PBS Premiere: June 24, 2013Check the broadcast schedule »

Lesson Plan: The Culture of Death and Dying

Download the Lesson Plan

Jump to:


In this lesson, students explore and compare cultural traditions, history and rituals associated with death and dying.

The video clips provided with this lesson are from Homegoings, a film that brings to life the beauty and grace of African-American funerals through the lens of mortician and funeral home owner Isaiah Owens. Owens introduces the rarely seen world of undertaking in the black community, where funeral rites draw on a rich palette of tradition, history and celebration.

POV offers a lending library of DVDs that you can borrow anytime during the school year FOR FREE! Get started by joining our Community Network.


By the end of this lesson, students will:

  • Express views on and beliefs about death and dying
  • Identify similarities and differences among death rituals across cultures, religions and/or spiritual practices
  • Compare and contrast varied cultural perceptions and approaches toward death and dying
  • Relate preferences for death rituals




Language Arts, Social Studies, Current Events

(Note: all handouts are included in the PDF download)

  • Internet access and equipment to show the class online video
  • Chart paper and markers


One 50-minute class period


Clip 1:Going Home (length 3:00)
This clip begins at 2:25 with a black and white photograph of a crowd gathered outside a funeral home. It ends at 5:25 with a woman in a white dress laughing, as she paces in front of a pew.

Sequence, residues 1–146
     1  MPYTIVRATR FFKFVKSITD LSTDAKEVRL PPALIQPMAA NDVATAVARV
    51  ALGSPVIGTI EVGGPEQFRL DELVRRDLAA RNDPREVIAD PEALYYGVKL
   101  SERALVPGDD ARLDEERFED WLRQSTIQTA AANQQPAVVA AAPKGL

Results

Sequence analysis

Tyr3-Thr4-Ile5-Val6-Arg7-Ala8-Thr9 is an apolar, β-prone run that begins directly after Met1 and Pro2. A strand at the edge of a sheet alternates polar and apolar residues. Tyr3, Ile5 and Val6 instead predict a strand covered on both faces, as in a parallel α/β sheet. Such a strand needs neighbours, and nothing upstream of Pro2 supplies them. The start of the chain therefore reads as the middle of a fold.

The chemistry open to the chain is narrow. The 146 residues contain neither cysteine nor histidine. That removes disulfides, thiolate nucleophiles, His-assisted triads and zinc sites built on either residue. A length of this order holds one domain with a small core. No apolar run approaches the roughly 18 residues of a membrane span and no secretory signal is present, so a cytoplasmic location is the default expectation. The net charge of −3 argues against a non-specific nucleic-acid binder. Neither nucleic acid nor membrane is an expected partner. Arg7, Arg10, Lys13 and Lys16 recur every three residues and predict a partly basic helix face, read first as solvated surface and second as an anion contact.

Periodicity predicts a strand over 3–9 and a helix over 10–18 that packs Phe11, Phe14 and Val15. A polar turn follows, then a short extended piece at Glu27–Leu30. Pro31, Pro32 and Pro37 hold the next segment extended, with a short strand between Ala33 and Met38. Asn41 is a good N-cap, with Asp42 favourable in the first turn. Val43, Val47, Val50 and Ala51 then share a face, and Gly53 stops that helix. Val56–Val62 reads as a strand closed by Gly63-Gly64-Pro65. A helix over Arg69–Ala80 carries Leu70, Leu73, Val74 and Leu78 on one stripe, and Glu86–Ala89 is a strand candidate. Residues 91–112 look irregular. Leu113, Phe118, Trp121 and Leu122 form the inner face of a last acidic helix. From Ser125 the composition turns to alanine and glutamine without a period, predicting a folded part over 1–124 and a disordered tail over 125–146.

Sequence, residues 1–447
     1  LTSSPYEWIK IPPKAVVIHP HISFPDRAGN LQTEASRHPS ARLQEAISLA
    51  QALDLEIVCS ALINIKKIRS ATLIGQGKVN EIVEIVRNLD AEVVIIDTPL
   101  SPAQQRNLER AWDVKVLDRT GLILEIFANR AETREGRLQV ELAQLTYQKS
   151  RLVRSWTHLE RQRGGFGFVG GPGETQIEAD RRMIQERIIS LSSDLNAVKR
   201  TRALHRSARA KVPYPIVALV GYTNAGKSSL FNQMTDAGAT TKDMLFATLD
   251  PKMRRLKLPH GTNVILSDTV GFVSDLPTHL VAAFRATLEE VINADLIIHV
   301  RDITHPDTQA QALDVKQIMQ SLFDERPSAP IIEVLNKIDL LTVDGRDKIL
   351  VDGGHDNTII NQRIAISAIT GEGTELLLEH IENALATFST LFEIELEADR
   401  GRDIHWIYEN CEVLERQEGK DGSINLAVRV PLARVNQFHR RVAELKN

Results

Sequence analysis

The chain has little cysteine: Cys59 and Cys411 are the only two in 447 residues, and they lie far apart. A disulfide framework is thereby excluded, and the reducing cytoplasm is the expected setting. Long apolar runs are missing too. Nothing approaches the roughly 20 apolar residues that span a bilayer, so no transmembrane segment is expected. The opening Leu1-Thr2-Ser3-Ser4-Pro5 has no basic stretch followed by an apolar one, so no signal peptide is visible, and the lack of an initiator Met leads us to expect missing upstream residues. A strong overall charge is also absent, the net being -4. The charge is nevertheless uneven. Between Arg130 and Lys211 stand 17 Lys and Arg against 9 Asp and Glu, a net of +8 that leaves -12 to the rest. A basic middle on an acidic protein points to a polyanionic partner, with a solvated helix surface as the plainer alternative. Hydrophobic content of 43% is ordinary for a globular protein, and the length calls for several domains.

Clip 2: Preparing for Death -- Part 1 (length 2:40)
The clip begins at 10:53, with the image of a sign with the name Linda Williams-Miller and her date of birth but no death date. It ends at 12:48 when Redd says, "...I was showing her this top last night."

Clip 3: Preparing for Death -- Part 2 (length 0:45)
It picks up again at 14:15 when Redd says, " I know one day it's going to happen," and ends at 15:00 when Redd says," ...going home to be at peace."

Clip 4: My First Funeral (length 2:39)
The clip begins at 18:14, with Owens drawing lines in the soil, as music plays in the background. It ends at 20:53, with background music and an image of a spoon in the soil.

Clip 5: The Black Funeral Director... A Friend (length 1:29)
The clip begins at 21:37 with a black and white photo of a funeral in a house of worship, followed by Isaiah Owens' voice saying, " The black funeral director..." It ends at 23:06 with a black and white photo of a funeral.


(NOTE: Some students may not be open to talking about death and/or may have recently experienced the death of a loved one. Please be sensitive about their desire to communicate when ready.)

1. Tell students that they are going to have a conversation about death across different cultures. Read the following options and ask students to raise their hands for which option best describes their belief:

  • Death is passing on to a new life - it is a spiritual journey
  • Death is an end, not the start to an afterlife
  • I have a different opinion
  • I am undecided

2. Ask students to stand. Tell them they will move around the classroom briefly to chat with a few peers about what they believe death and dying involve. Explain that each will start by having a conversation with one other student, and then every two to three minutes each will find a new partner. The following question will drive student discussion:

  • Where does your belief originate? For example, is it religious? Is it connected to your family culture?

3. Tell each student to find a partner and begin chatting. Watch time; signal students to seek new partners after two to three minutes. (NOTE: This task should last fewer than 10 minutes.)